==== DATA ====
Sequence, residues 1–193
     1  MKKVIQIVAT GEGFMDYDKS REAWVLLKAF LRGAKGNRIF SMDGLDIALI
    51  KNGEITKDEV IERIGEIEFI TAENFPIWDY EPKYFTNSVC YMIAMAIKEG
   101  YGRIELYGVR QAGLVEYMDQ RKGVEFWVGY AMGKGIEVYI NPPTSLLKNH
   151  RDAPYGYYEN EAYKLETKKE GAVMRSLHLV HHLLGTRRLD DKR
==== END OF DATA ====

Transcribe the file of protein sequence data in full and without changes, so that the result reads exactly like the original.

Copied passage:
Sequence, residues 1–193
     1  MKKVIQIVAT GEGFMDYDKS REAWVLLKAF LRGAKGNRIF SMDGLDIALI
    51  KNGEITKDEV IERIGEIEFI TAENFPIWDY EPKYFTNSVC YMIAMAIKEG
   101  YGRIELYGVR QAGLVEYMDQ RKGVEFWVGY AMGKGIEVYI NPPTSLLKNH
   151  RDAPYGYYEN EAYKLETKKE GAVMRSLHLV HHLLGTRRLD DKR